1887
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  • ISSN: 2041-2487
  • E-ISSN: 2041-2495
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Abstract

Cole-Laura.gif Cook-Simon-SMALL.gif Following on from last month’s article on thoracic point-of-care ultrasonography (POCUS), Laura Cole and Simon Cook, of the Emergency and Critical Care Department at the Royal Veterinary College, discuss how POCUS can be used to evaluate abdominal emergencies.

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/content/journals/10.22233/20412495.1118.10
2018-11-01
2022-01-17
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http://instance.metastore.ingenta.com/content/journals/10.22233/20412495.1118.10
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VIDEO 1: Abdominal point-of-care ultrasonography (A) Free fluid at the diaphragmaticohepatic site.

VIDEO 2: Abdominal point-of-care ultrasonography (B) Free fluid at the splenorenal site.

VIDEO 3: Abdominal point-of-care ultrasonography (C) Free fluid at the cystocolic site.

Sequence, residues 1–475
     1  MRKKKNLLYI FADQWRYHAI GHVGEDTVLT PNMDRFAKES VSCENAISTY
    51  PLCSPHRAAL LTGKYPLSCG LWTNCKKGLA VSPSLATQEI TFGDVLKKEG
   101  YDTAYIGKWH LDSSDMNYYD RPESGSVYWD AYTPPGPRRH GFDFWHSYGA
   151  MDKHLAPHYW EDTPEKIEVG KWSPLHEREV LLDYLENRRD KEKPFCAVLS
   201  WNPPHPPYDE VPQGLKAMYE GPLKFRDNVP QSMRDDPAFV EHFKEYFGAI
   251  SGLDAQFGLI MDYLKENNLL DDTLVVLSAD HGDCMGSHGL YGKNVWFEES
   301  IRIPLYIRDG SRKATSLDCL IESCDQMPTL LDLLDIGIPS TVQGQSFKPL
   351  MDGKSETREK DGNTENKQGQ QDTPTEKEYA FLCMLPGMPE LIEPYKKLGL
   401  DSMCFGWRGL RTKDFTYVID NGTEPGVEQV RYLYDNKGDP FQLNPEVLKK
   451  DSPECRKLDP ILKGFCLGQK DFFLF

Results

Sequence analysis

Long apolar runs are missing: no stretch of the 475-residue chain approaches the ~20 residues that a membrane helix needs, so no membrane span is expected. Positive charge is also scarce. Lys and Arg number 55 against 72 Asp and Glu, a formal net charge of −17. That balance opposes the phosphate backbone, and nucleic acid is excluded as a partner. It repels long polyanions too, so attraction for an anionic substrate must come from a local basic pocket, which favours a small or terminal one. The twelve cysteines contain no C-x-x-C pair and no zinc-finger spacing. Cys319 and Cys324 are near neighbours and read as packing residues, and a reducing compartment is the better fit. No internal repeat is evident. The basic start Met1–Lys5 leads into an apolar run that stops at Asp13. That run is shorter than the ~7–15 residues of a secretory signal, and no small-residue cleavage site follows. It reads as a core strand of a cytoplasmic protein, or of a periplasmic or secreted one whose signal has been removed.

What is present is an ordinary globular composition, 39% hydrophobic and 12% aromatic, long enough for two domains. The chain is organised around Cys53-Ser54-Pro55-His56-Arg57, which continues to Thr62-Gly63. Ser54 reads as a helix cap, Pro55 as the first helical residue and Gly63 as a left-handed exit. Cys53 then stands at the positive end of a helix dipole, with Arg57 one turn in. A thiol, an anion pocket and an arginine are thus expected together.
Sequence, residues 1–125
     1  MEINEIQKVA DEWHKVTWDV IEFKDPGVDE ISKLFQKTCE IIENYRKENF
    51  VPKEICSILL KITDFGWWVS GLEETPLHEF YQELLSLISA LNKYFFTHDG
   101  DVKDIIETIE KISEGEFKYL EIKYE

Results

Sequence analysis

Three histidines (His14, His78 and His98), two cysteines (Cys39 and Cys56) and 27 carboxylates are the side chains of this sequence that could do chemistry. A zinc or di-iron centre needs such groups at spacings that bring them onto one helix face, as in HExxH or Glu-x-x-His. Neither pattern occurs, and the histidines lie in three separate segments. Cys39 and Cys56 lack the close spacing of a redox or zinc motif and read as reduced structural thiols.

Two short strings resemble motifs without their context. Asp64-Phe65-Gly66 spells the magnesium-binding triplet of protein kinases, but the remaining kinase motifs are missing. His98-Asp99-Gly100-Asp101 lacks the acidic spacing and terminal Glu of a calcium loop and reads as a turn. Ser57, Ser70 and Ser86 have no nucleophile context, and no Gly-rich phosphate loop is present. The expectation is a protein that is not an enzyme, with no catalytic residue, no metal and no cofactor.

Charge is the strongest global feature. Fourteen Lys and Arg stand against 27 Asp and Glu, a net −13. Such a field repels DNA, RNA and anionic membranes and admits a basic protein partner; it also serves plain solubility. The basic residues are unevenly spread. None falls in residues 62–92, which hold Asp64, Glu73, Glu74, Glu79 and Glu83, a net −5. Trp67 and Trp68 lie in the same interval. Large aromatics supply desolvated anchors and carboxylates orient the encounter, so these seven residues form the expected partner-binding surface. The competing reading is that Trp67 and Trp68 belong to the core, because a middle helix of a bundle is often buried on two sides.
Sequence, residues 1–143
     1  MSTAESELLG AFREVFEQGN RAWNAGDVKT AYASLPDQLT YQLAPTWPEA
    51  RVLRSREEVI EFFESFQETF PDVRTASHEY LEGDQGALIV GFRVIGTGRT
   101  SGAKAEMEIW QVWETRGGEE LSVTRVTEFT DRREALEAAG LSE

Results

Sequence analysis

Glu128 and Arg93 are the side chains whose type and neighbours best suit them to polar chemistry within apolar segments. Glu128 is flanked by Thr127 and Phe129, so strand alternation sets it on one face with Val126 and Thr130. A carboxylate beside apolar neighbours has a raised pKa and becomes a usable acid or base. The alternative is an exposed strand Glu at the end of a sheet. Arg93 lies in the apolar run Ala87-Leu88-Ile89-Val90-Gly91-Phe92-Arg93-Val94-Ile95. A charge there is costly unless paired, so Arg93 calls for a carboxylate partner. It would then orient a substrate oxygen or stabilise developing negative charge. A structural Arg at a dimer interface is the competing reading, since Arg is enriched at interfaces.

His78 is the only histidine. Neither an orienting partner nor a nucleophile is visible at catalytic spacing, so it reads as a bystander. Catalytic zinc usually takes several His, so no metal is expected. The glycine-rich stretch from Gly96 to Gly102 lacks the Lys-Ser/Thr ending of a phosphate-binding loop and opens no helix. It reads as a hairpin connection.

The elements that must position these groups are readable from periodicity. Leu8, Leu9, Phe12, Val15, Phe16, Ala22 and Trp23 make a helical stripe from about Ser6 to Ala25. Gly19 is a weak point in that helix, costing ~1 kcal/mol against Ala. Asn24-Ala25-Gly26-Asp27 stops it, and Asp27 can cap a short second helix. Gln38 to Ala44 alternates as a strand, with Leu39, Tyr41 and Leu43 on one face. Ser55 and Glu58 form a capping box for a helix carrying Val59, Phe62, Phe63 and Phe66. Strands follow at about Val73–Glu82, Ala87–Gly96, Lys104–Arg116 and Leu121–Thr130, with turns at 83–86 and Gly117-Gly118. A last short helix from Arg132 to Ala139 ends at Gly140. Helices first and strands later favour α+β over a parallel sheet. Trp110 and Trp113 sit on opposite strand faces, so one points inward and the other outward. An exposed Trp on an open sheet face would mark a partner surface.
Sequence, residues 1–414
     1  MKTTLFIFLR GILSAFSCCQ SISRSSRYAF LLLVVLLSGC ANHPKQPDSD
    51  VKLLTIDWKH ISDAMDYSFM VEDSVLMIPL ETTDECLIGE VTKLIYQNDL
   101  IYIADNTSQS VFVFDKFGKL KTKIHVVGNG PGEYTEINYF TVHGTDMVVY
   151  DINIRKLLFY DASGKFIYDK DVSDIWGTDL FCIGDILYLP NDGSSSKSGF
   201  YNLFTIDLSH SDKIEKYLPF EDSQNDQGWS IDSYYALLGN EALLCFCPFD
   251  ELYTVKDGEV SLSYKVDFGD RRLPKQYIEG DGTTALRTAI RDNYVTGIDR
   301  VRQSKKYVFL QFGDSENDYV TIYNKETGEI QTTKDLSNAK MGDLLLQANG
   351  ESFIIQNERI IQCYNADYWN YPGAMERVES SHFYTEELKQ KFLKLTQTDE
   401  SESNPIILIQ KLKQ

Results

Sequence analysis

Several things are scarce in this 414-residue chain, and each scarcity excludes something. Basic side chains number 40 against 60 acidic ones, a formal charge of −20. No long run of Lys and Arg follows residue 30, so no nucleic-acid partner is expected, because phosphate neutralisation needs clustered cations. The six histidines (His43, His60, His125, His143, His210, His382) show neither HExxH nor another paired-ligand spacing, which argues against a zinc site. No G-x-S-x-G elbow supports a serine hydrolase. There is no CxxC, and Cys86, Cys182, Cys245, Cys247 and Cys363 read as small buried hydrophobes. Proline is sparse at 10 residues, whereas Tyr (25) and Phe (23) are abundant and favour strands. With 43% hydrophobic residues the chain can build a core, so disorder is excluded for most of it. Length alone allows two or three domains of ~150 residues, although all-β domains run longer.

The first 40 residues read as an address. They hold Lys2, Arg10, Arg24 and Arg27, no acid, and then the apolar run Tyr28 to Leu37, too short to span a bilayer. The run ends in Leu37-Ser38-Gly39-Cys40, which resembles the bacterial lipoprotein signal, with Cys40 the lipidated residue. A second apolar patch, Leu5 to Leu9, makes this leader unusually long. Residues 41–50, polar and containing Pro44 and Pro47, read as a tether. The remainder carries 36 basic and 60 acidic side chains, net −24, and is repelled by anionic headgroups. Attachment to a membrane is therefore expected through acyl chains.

VIDEO 4: Abdominal point-of-care ultrasonography (D) Free fluid at the hepatorenal site.

VIDEO 5: Abdominal point-of-care ultrasonography (E) Echogenic free fluid at the cystocolic site.

VIDEO 6: Abdominal point-of-care ultrasonography (F) Gall bladder 'halo sign'. Note the hypoechoic tissue layer between two hyperechoic layers in the gall bladder wall.

VIDEO 7: Abdominal point-of-care ultrasonography (G) Renal pelvic dilatation.

VIDEO 8: Abdominal point-of-care ultrasonography (H) Fluid filled amotile stomach.

VIDEO 9: Abdominal point-of-care ultrasonography (I) Longitudinal view of the aorta (top) and vena cava (bottom) at the paralumbar site in M-mode.

  • Published online : 01 Nov 2018
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